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The "Move On" Defense Of George W. Bush

02/27/2009 05:12 am ET | Updated May 25, 2011

John Barry has written what I will call the "move on" defense of the Bush administration in this week's Newsweek. The idea is that it is fairly clear that the Bush administration violated the law in several instances, but since we already know this and his party has already lost an election, let's just move on already.

You can read the piece here and you can see that I am not exaggerating at all. That is truly his argument. In fact, we will have Barry on the show on Monday to talk to him about this article.

If I seem incredulous at that argument, that's because I am. They never taught me that one in law school. "Look, your honor, we know my client committed this crime, we've already caught him and the victim is already dead. So, let's just move on already!"

To say Bush's defense is that his opponents want "political vengeance" is a non sequitur. Couldn't every trial in the country be characterized as some sort of "vengeance" based on this logic?

The reaction to his law breaking cannot be a defense for his law breaking. "Your honor, your attempt to try my client is an act of vengeance that justifies my client's original law breaking. Hence, he should not be held accountable for his crimes." Would that argument make any sense in the context of any other crime? You would get laughed out of court. They might revoke your admission to the bar.

But we're told that in the political context it makes sense. I think the exact opposite is true. I think it is even more important that we hold our elected leaders to an even higher standard than the average citizen. They are entrusted with enforcing the laws. If they are the ones who break them, society is in much larger trouble.

Bush clearly ordered spying on American citizens without a court order. Everyone knows this. Bush has even admitted it (after originally lying about it). This is clearly illegal. What is the defense? It's legal if the president does it? I think I've heard that one before.

This law is an admonition against the government. If no one in government can be tried for it because it would be "political vengeance" to do so, then the law has no meaning.

The same is true of torture. If a citizen waterboards someone, that is aggravated assault. If the state does it, it is torture. It is by definition a governmental crime. Who do we prosecute if the government has immunity because of the "move on" defense?

Torture is against federal statute and our treaties prohibiting its use are the law of the land. If you allow the Bush administration to do this without any repercussions at all, then you might as well take the law off the books. Because then the state can torture anyone they like. Because prosecuting them would be "political vengeance."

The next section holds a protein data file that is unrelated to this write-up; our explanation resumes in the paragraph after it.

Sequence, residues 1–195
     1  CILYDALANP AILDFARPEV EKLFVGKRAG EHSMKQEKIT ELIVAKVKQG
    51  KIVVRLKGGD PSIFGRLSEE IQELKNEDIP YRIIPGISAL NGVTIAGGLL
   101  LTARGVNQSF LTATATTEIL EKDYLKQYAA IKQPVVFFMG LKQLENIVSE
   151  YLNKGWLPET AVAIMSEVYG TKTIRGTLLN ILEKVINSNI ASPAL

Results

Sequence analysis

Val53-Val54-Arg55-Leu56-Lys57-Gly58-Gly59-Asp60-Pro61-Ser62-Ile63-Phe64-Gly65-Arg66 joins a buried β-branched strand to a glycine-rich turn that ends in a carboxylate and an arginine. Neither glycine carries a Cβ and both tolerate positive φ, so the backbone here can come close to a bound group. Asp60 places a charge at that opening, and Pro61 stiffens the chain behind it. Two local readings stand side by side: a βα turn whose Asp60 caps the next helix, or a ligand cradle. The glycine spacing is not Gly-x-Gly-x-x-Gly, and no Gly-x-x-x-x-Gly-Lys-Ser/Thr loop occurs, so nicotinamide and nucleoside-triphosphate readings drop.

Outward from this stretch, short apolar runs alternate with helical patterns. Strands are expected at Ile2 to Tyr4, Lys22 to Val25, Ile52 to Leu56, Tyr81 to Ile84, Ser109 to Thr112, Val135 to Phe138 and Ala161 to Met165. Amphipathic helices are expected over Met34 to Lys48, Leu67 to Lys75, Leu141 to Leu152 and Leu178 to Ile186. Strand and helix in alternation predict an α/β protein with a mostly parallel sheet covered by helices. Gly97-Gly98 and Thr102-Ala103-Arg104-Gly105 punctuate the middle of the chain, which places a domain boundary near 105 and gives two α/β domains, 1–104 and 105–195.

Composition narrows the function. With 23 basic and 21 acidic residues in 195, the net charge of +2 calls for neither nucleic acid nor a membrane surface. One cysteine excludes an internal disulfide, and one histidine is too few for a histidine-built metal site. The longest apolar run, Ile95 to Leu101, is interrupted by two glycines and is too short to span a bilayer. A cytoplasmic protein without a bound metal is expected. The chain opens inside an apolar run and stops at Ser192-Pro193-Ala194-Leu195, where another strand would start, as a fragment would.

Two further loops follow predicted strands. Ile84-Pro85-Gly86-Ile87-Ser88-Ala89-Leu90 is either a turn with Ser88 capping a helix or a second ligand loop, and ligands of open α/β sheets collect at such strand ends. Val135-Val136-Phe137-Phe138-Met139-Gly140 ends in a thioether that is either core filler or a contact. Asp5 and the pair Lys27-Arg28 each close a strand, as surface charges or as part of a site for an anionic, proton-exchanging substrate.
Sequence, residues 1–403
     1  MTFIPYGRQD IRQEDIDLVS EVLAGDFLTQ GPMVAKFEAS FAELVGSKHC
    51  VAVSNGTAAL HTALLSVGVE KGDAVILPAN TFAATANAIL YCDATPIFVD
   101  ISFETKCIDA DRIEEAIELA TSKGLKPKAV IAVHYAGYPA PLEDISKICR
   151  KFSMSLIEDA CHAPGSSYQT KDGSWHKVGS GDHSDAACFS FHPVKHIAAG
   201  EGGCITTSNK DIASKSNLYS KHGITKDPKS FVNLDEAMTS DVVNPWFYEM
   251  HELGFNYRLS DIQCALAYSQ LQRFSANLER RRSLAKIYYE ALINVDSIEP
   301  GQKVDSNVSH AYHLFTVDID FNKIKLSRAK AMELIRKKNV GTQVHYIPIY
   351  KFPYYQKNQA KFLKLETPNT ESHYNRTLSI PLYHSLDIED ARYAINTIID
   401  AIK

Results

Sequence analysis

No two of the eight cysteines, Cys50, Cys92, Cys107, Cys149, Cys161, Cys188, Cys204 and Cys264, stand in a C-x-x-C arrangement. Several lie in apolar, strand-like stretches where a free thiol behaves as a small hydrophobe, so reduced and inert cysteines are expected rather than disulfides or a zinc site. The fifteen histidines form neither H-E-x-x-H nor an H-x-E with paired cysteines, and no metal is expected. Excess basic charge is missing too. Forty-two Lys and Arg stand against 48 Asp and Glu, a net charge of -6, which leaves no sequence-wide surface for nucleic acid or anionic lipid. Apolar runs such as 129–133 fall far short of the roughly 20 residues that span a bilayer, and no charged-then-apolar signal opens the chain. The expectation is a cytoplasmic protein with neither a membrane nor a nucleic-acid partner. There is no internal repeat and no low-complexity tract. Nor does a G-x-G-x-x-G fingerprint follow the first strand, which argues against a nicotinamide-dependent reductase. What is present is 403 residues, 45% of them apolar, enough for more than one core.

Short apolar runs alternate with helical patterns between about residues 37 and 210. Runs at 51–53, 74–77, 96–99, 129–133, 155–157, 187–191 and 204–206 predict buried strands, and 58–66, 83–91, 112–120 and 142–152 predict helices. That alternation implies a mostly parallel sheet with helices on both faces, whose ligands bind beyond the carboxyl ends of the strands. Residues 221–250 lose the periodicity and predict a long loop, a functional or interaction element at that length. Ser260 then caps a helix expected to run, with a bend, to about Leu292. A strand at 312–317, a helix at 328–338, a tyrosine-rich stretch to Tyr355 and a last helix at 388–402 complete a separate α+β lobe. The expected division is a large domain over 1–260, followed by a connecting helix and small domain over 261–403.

Some will argue that these things were not technically illegal because the Office of Legal Counsel at the Justice Department authorized them. In these cases, the OLC was not an independent actor; they were part of the executive branch and a partner in crime. If Bush said he would like the authorization to kill innocent people and the OLC gave it to him, would it be legal?

By the way, this is not theoretical. The Bush administration's orders did in fact lead to the deaths of many innocent people, like the murder by torture of a taxi-driver named Dilawar at Bagram Air Base. That's what happens when you do illegal torture. Sometimes it gets out of hand. That's part of the treason we passed laws against it.

Now, some can also make a persuasive case for investigating the Bush administration's lies that got us into the Iraq War. There is almost no doubt that the Bush administration manipulated intelligence to get us into that war, but I think that is a harder legal case to prove and it gets too close to policy-making for my comfort.

But these decisions are not mine to make. We should appoint a clearly unbiased independent prosecutor, Patrick Fitzgerald for example, and let him investigate what was and was not clearly illegal. Fitzgerald is a very careful prosecutor. As we saw in the Libby case, he is not going to overreach. I would be very surprised if he brought up charges on the Iraq War and I would be curious to see where he comes out on torture and illegal spying given the OLC defense. But at the very least, we have to have someone look into this. If we don't, our laws against government power become meaningless.

If the state can say that they have a "move on" defense and that any prosecution against them is an act of "political vengeance," then they will have carte blanche to break any law they like. For me, this isn't about politics. The American people have already rendered their judgment in that sphere. I'm very comfortable with their decision in that regard. I can even see some people's concerns that this might backfire politically on the Democrats. But that is not my concern.

This is about precedent. How many presidents can we allow to break the law before it becomes de facto legal for the president to break the law? In other words, before it becomes legal because the president did it!